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Two students recognized by Newton County BOE
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Ralph Brown and Zachary Fallah, juniors at Eastside and Newton high schools, respectively, were recently selected to serve on Georgia State School Superintendent Richard Woods’ Student Advisory Council. At its Tuesday meeting, the Newton County School System (NCSS) Board of Education gave special recognition to Brown and Fallah for their appointment.

Though an Eastside student, Brown attends the Newton College and Career Academy’s Science Technology Engineering and Math (STEM) Institute. Fallah is enrolled in the Academy of Liberal Arts at Newton High School.

Each year, Georgia students in grades 7 through 12 can apply to serve on the State Superintendent of Schools Advisory Council. There were 800 applicants statewide this year and 108 students, including Brown and Fallah, were selected. The purpose of the Advisory Council is to meet with State School Superintendent Woods to discuss how state policy decisions affect students.

Samantha Fuhrey, NCSS Superintendent, told Brown and Fallah, “I commend and congratulate you on taking the initiative to apply and on agreeing to serve on this very special Council.”

Other BOE business

Following the recognition, the Board of Education received an update on the NCSS’s mobility rate from Allison Jordan, Director of Testing, Research and Evaluation. Mobility rate is the percentage of students who for any reason withdraw from school.

According to Jordan, research has shown that student achievement declines when 30 percent or more of a school’s students withdraw. The decline is observed not only among those who withdraw, but also among those students who remain enrolled in the school.

The NCSS mobility rate in 2015-2016 was 32 percent. This year’s rate is on track to be about the same.

Deputy Superintendent Craig Lockhart’s reports to the Board included the following highlights:

  • Enrollment is currently at 19,680 students, down 48 from October 2015;
  • SAT composite scores are up this year at all three high schools;
  • More than 20 middle school and 30 elementary school robotics teams participated in their first competition of the year on Oct. 1;
  • Six teams qualified for the state competition in March; and
  • The Newton College and Career Academy was recently visited by Gilda Lyon, STEM Program Specialist for the Georgia Department of Education. A “certification visit” is scheduled for Dec. 7. The Academy is seeking to become the tenth state certified STEM high school in Georgia.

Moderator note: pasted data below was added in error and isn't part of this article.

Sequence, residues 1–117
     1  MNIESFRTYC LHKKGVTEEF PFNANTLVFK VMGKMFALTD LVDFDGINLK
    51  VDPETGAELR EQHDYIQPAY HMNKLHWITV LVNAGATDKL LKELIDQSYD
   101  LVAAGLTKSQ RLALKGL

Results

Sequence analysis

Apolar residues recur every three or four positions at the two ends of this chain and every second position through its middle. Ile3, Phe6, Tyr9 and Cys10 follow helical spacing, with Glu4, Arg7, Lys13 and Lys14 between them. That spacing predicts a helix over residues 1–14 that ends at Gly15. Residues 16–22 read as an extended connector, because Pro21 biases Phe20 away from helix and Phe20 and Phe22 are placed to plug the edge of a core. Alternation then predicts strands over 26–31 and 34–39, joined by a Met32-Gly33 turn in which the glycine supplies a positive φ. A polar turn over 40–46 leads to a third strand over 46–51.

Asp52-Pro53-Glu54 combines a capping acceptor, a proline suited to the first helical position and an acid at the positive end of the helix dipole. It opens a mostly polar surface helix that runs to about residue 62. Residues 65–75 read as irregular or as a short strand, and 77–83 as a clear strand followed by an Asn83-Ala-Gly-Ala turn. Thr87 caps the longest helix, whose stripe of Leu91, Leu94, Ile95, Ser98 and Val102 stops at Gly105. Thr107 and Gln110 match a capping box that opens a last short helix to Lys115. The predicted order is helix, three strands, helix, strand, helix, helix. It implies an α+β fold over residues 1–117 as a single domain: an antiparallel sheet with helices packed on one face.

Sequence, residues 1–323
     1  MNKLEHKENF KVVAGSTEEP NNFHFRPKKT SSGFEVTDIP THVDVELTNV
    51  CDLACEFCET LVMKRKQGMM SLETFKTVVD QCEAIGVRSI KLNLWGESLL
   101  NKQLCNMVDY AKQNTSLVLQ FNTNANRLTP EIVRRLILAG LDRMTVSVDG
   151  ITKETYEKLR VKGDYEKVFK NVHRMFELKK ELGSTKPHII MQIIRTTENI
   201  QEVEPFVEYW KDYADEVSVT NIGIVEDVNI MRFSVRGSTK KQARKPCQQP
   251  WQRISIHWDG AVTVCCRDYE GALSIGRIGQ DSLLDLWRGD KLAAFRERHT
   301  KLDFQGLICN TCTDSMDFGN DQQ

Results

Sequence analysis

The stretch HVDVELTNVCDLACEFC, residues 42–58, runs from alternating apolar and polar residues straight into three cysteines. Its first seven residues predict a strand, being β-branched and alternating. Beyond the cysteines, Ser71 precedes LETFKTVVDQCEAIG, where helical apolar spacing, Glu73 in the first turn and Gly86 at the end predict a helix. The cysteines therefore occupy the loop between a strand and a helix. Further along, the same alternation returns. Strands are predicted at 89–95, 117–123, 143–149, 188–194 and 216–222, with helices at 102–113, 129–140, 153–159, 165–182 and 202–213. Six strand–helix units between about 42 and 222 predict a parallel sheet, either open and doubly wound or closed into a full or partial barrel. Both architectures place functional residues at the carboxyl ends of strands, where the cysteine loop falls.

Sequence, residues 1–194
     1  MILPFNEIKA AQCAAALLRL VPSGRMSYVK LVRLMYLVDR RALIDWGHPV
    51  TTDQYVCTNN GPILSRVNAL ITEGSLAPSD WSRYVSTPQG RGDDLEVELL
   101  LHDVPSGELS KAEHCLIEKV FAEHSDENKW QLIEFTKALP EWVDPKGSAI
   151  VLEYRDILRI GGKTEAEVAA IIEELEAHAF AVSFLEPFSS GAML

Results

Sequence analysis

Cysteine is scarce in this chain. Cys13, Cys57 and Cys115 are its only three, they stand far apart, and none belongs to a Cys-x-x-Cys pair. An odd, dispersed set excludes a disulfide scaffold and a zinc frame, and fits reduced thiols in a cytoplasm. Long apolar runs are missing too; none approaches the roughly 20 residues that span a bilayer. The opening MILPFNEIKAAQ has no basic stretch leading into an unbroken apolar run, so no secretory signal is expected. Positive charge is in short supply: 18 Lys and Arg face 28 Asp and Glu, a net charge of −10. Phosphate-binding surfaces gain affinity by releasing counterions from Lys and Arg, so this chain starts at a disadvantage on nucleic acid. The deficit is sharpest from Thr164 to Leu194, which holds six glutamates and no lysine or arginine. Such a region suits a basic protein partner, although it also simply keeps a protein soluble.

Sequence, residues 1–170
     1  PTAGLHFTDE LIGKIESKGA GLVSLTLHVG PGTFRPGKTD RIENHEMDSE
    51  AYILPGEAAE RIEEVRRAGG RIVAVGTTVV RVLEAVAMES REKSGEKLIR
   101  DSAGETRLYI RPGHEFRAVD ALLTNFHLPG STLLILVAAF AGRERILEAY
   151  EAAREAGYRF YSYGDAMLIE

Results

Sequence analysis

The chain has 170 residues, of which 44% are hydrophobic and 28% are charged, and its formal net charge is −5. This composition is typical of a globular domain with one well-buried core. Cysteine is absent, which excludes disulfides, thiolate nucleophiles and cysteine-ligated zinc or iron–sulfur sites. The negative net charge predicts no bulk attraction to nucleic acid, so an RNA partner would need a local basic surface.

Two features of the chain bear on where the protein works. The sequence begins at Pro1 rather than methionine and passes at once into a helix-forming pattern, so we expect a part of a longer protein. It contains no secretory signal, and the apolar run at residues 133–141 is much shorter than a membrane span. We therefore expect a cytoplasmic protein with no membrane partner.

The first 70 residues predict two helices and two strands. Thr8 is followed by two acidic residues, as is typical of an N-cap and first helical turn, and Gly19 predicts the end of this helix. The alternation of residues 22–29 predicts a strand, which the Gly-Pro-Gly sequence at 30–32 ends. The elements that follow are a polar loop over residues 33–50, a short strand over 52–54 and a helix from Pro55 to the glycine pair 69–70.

The Board took the following actions:

  • Approved the purchase of $51,595 worth of band instruments and accessories for middle and high schools from Music and Arts in Frederick, Maryland. The money is allocated to the schools based on enrollment and used by the band directors for the replacement of instruments and accessories;
  • Approved the use of the Newton High School field by the New Rock Bears Football and Cheerleading Association for youth football;
  • Awarded an annual contract for plumbing services to Royal Flush Plumbing, Inc., Lilburn, Georgia. The estimated contract value is $160,000;
  • Renewed the annual contract with McPherson Companies, Inc., Atlanta, for use of a fuel card system for the student transportation department. This system allows certain buses to be refueled at pre-approved sites along their route rather than having to return to the NCSS Service Center for refueling. In fiscal year 2016, it is estimated that the fuel card system saved the NCSS about $52,000;
  • Renewed an annual contract for print management services with Ricoh USA, Malvern, Pennsylvania;
  • Approved the disposal of surplus equipment and property;
  • Approved the hiring of nine teachers and eleven staff members; and
  • Approved the following personnel changes: six transfers, 19 resignations, and two terminations.

Fuhrey noted that NCSS’s fall break begins Monday, Oct. 17.

When asked after the Board meeting if the Georgia Department of Education has taken any action on the NCSS’s request to drop the Georgia Milestones Assessment System in favor of the Iowa Assessments, Allison Jordan reported, “No word yet.”